Yo La Tengo

Plus Cd Reviews of The Tyde, Slapp Addict, Trainwreck Riders.

Yo La Tengo

I Am Not Afraid of You and I Will Beat Your Ass

(Matador)

A rocked-out, brawn-versus-hazy beauty dichotomy has always been key to this Hoboken, New Jersey trio's Sonic Youth-meets-Velvet Underground M.O. The conflict yielded cracked indie diamonds until the bandmates' muse led them astray at the turn of the millennium (see 2000's flaccid And Then Nothing Turned Itself Inside Out and 2002's cotton-candied Summer Sun). Despite being sturdily bookended by a pair of 10-minute-plus ya-yas-out exorcisms—"Pass the Hatchet, I Think I'm Goodkind," making hay out of hand claps, distortion-pedal hemorrhaging, and a taut bass line similar to that of Liz Phair's "Supernova"; and the twisting and turbulent "The Story of Yo La Tango"—I Am Not Afraid of You doesn't quite live up to its flexed- biceps title. That the tracks are prettily uninteresting yet mildly engaging in a few new ways, though—the show-tune jingle jangle of "Beanbag Chair" and fifties sock-hop bop "Watch Out for Me Ronnie"—can only be a positive sign. RAY CUMMINGS

Traxamillion

Slapp Addict

(Slap Addict Prod.)

Somewhat underappreciated in the rise of the hyphy movement has been the contributions of local producers to the sound; when Lil Jon helmed E-40's "Tell Me When to Go," many Baydestrians felt the King of Crunk stole a stylistic page from Rick Rock, the self-described "King of Slaps." Slaps—a song mainly consisting of hard snares and heavy bass, whose beat "keeps knocking down your rearview mirror" according to 40—are a major reason why hyphy has emerged, and while Rock, Droop-E, and EA-Ski are often cited as the Yay's premier slap-nicians, Traxamillion's dope-ass album suggests the San Jose–based producer is just as responsible. Trax has the basic slap formula down, but what makes his knocks so habit forming is his use of keyboards to create a melodic, hypnotic counter-rhythm, as on Keak Da Sneak's "Super Hyphie." That track doesn't appear on Slapp Addict, but Keak's new song "On Citas," does, in addition to now-familiar anthems like The Team's "Just Go" and Dem Hoodstarz' "Grown Man Remix," plus several newer tunes. Of those, Too $hort & Mistah F.A.B.'s "Sideshow" has generated the most street buzz, but F.A.B.'s "Yellow Bus" and Balance's "We Like the Slapps" (which updates L'Trimm's "Cars That Go Boom") are just as fresh. Trax's skills are well evident in the album's consistent bump-ability; his versatility allows him to craft a pimp- worthy slap, bust an above-average rhyme, and elevate what might be an otherwise mediocre song like the Pack's "Club Stuntin" to the height of hyphy-dom. ERIK K. ARNOLD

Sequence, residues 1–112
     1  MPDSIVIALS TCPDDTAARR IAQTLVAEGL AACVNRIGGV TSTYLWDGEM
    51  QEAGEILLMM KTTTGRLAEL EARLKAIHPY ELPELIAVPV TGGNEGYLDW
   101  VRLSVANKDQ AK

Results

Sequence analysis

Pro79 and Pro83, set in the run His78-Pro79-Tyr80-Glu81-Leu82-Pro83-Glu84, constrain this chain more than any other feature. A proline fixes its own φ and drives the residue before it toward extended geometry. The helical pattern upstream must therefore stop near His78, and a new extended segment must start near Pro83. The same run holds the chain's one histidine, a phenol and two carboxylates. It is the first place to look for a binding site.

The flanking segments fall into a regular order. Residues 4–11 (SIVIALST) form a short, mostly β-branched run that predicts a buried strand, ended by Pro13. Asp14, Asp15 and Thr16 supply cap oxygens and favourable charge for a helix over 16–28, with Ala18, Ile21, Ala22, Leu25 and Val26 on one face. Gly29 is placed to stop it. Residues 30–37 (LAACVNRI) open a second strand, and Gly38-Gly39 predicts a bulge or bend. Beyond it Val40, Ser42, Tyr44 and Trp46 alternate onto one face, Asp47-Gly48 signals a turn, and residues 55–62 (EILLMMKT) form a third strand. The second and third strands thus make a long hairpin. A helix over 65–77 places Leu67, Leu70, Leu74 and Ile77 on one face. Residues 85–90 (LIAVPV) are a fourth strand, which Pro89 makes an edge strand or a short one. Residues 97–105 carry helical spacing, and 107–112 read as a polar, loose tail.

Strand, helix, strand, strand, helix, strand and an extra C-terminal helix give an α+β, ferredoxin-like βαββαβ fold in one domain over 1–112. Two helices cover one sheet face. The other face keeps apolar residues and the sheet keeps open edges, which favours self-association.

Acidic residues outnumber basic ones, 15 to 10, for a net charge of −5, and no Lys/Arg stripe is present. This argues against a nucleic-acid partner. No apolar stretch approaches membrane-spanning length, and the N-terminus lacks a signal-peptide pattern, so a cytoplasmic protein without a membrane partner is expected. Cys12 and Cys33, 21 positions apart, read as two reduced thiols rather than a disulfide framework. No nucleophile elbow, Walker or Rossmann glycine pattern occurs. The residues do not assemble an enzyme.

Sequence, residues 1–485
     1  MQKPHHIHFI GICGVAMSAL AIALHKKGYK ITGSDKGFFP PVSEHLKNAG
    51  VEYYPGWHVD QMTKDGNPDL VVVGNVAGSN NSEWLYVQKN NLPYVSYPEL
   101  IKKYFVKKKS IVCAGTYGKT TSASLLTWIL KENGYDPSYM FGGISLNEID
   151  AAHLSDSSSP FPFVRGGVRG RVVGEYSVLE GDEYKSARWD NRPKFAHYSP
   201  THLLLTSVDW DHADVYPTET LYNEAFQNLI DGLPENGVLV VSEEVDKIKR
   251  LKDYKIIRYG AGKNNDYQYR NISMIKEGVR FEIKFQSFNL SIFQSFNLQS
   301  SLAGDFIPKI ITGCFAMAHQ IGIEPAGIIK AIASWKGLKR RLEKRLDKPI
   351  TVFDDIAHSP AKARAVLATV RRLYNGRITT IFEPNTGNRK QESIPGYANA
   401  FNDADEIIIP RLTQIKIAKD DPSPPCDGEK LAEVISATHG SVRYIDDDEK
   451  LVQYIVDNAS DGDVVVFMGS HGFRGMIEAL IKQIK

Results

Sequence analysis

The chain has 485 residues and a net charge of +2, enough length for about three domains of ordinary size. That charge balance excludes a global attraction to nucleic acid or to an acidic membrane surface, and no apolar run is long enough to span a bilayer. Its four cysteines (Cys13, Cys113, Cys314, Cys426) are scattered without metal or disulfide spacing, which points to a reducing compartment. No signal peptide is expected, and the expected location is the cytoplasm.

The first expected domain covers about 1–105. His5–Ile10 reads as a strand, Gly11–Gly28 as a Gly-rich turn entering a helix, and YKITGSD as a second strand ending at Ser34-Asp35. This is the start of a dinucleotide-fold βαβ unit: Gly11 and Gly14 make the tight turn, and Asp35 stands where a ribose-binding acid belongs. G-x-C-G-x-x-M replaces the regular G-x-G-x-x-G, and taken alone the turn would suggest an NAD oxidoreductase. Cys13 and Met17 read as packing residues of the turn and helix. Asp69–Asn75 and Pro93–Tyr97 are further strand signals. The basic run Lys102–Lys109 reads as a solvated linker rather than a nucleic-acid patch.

The Tyde

Three's Co.

(Rough Trade)

Don't assume L.A.'s Tyde are anything like Beachwood Sparks because they share a few members. Whereas B'wood Sparks evoke late 1960s/early 1970s country-rock with a psychedelic glaze, the Tyde lean toward the glitter/pop-rock of the early '70s, specifically T-Rex, and the cordially melodic mope-rock of the '80s—namely, the Church, Lloyd Cole & the Commotions, and bands on UK's Creation label. Darren Rademaker's seductively purred, slightly vibrato-laden vocals are a ringer for T-Rex's Marc Bolan (to be fair, he's not doing a blatant imitation). His voice is perfect for the Tyde's brand of engagingly deft, subtly droll, rainy-day melancholia—after one or two listens, just try to get "Separate Cars" and "Ltd. Appeal" out of your mind's tape loop (g'wan, just try). Occasionally, they stumble—the poky "Aloha Breeze" sounds too much like a Ray Davies or John Lennon castoff, a couple up-tempo songs are a bit nondescript, and what's with the somewhat cheesy synth-pop "remixes" at the disc's conclusion? But for the most part, Three's Co. makes for comforting companionship for a dreary, housebound day or at night's end. MARK KERESMAN

The Tyde play the Showbox, 1426 First Ave., www.showboxonline.com. Sold out. 8 p.m. Fri., Sept. 8.

Trainwreck Riders

Lonely Road Revival

(Alive Records)

It doesn't seem appro-priate that Trainwreck Riders will likely get lumped into the alt-country taxonomy. Sure, the telecaster pluck and scrappy punk spirit calls to mind the genre's forbearers—certainly the distorted smear on "Find Your Way Home" suggests vintage Uncle Tupelo. But considering the color-by-numbers landscape of alt-country, the Riders deserve better. The band's invigorated vantage on the punk-country crossroads distinguishes it; after opening "In the Wake of it All" with standard-issue riffs and Highway 61 ethos ("It's late at night behind the wheel . . . ") guitarist Andrew Kerwin suddenly evokes the snarl of Richard Hell's Robert Quine. The looping motifs and wobbly vocals of "Through Unto The End" borrow from '90s post-rock. Simpler tunes like "Christmas Time Blues" are equally refreshing, and when on the chorus singer Pete Frauenfelde begs, "Take that noose and set me loose," he may as well be speaking about musical tags as much as anything else. NATE CAVALIERI

 
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